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New home construction often requires lots of lumber, foam insulation, drywall, and siding. But not in Roslynn McCann’s case.

“We built our house … with straw bales, earthen plaster, earthen floors,” she says.

McCann says that when designing her home in Moab, Utah, sustainability was foremost on her mind.

So she chose non-toxic building materials, including rectangular bales of straw, which create thick, well-insulated walls.

And to avoid burning fossil fuels, McCann bought rooftop solar panels. She says they generate enough electricity to meet all of her household’s energy needs — including heat, cooking, and lights.

“We wanted to completely step away from the fossil fuel industry as much as possible. And so [we have] no gas line, so we have no gas bill,” she says.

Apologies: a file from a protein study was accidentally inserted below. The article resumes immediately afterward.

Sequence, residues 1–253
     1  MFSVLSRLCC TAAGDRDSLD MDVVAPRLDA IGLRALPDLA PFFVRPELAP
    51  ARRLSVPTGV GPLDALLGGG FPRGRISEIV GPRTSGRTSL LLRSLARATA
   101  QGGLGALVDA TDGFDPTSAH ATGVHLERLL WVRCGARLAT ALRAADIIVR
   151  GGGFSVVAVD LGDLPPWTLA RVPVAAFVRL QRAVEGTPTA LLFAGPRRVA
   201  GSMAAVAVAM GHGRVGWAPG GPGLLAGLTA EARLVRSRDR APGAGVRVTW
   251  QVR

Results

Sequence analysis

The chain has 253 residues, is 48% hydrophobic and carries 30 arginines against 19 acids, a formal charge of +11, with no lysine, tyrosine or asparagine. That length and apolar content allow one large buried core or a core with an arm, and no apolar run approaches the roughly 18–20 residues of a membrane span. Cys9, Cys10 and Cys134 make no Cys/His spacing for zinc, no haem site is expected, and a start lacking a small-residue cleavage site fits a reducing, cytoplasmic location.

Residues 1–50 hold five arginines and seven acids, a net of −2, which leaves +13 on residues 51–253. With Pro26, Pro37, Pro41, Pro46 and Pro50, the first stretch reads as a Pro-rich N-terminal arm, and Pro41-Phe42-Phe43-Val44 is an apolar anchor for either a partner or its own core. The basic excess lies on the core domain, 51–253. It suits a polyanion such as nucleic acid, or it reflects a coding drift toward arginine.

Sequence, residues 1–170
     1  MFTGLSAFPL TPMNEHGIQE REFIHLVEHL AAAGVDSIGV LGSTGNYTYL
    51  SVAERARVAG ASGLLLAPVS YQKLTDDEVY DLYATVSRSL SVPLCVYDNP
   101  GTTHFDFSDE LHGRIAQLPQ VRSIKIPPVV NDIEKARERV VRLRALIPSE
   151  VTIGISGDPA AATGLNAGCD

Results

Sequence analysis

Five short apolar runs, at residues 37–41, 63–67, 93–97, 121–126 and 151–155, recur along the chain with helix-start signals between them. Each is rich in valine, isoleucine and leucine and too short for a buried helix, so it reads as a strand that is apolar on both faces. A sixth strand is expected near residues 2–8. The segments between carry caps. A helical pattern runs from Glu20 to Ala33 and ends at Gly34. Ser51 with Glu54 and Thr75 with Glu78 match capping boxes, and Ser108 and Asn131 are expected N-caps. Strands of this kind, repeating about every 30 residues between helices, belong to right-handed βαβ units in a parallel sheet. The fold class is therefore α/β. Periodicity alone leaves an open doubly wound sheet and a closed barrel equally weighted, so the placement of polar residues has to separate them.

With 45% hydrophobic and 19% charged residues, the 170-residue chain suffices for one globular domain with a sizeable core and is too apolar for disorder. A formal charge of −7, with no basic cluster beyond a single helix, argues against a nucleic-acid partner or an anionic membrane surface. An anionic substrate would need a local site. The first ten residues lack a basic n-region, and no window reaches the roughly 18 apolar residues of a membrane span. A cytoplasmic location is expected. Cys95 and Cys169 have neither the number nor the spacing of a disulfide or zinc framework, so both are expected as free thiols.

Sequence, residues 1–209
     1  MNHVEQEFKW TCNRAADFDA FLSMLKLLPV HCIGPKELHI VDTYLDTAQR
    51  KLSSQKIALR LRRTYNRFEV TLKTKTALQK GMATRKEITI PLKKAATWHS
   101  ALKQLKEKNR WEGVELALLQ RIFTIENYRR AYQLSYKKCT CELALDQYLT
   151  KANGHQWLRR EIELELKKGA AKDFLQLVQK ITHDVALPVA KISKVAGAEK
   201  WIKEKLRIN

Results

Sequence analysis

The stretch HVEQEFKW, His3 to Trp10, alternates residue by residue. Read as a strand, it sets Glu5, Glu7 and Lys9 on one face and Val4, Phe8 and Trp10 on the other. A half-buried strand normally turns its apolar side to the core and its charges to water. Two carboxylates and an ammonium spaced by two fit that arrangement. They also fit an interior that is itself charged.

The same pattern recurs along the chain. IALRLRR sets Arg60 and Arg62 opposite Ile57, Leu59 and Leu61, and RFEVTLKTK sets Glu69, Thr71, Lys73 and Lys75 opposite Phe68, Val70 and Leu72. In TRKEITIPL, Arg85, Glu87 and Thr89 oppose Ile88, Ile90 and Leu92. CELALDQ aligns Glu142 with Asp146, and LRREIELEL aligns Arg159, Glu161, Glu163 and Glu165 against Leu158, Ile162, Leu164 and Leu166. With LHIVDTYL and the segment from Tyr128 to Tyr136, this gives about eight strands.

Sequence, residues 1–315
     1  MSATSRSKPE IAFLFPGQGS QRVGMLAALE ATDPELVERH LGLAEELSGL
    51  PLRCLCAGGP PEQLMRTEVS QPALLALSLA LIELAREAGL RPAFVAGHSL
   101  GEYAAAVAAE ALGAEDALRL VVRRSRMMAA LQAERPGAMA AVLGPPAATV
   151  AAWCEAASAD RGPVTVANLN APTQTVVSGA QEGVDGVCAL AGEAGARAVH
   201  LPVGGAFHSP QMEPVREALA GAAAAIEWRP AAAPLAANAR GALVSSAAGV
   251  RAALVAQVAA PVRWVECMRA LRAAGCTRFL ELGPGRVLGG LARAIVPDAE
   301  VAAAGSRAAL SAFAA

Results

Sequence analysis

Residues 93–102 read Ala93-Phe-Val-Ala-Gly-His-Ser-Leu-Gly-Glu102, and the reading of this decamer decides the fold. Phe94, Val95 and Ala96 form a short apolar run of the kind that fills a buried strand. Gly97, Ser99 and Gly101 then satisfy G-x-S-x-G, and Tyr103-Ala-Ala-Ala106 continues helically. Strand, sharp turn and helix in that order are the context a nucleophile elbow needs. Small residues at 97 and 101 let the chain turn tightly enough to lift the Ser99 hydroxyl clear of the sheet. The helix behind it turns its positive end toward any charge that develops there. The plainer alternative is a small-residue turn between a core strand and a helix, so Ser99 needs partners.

To conserve water as Utah gets hotter and drier, McCann installed what’s called a gray-water system. Water from the shower and washing machine flows into pipes that drain directly onto the landscape, watering her fruit trees, herbs, and perennials.

McCann gives tours to people interested in seeing how the house is built and functions. And she envisions a future in which sustainable building and living is the norm, not an anomaly.

“It’s just the way we should be building our houses,” she says.

Reporting credit: Sarah Kennedy/ChavoBart Digital Media